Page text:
5

Well helicopters are designed with both types of rotor systems. American built helicopters have main rotors which rotate counter clockwise whereas European built helos have clockwise turning rotor systems. Near as I know there is no particular advantage to one over the other, though you do have to reverse anti torque pedal corrections for collective inputs ...


5

Fan shrouds are a fix for a problem that can normally be designed around in other, more efficient ways. They do reduce tip loses, but usually the tip loses are smaller than the weight and drag penalty of the shroud. The fundamentals of prop/fan/rotor design is that thrust is proportional to the increased momentum of the air flow, but the power required to ...


4

There are two considerations. Two parallel vortices will tend to move upwards if the air flow between them is upwards. You can think of it as each 'blowing' the other upwards. This suggests the P-38 configuration maximises lift. I am not convinced but I don't have access to the software to know either way. Nor did they. The second consideration concerns ...


4

Speed is the reigning factor here, and aerodynamics as well of course. Speed. Propeller driven aeroplanes operate at lower speeds than jet engines - propellers are more efficient until compressibility effects start to appear, and it is these same compressibility effects that influence the wing shape as well. Compressibility as in: give air enough time to ...


4

By modulating the fuel flow to the slave engine, ie the one which is to synchronise to the "master" engine, Note. Limited authority of fuel modulation and not permitted in Take off or approach. One writer alluded to synchrophasing to not only reduce beating bit alos reduce noise, You can as I have done move the point of minimum noise around/along the cabin ...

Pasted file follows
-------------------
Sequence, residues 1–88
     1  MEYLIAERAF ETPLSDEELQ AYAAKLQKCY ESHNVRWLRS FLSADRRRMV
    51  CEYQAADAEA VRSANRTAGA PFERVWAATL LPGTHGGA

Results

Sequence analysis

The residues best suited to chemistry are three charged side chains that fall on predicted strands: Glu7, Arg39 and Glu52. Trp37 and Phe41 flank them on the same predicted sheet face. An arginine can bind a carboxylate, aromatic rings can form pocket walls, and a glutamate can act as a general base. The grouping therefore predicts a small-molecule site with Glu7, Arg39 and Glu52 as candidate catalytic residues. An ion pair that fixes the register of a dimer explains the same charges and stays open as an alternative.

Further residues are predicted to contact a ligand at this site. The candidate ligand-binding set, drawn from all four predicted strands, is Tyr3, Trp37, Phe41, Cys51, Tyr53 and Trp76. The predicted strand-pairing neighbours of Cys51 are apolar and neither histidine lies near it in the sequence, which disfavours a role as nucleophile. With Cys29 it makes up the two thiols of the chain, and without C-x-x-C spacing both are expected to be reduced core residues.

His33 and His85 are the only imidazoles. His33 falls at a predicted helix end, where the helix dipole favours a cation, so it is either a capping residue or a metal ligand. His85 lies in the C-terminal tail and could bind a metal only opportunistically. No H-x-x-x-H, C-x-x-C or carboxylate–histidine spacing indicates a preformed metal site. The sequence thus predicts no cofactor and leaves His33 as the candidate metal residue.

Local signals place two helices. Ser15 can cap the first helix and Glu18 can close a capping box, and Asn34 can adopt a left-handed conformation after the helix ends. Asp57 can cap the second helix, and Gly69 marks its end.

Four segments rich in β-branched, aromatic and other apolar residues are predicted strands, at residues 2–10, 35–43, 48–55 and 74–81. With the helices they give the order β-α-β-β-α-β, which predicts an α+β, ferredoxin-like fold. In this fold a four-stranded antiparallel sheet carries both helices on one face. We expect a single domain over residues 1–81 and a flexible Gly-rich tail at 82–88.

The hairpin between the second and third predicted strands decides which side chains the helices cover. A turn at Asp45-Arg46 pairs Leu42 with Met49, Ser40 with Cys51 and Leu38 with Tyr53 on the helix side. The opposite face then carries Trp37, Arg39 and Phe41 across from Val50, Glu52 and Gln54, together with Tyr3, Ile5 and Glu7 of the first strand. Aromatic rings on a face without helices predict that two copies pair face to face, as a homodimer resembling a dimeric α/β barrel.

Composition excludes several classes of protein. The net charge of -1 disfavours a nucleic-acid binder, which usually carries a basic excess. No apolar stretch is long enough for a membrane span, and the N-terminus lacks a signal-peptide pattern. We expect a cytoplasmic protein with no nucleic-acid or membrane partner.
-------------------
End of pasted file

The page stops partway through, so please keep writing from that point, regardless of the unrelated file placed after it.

4

The reason that efficiency is reduced during phases of flight that are flown at high airspeeds is because the angle of attack between the propeller and relative wind is reduced. If an aircraft is stationary on the ground, its propeller is taking a larger "bite" of air because there is no relative wind. When there is more air moving past the prop, ...


3

There's absolutely no difference as such between the two. If you removed the engines from both, there's no inherent difference. Note that, naturally, modern airliners (which are all jet) are incredibly better and more sophisticated than old-fashioned historic prop aircraft in every way. So, totally unrelated to the engines, of course they have incredibly ...


3

Chipmunk, left-handed engine: Spinning to the left, recovery takes 3/4 turn, spinning to the right, recovery takes 1/4 turn. In either case, descent rate is 6000ft/min, so not affected by the airflow direction.


3

why does power affect airplane´s aerodynamics? It doesn't. The aerodynamics will determine how much excess power is left for acceleration or climb. But not the other way around. Why is it important how much power […] the engine has? Because the power of a piston engine is constant for the same air density, regardless of speed. It is more helpful to give a ...


3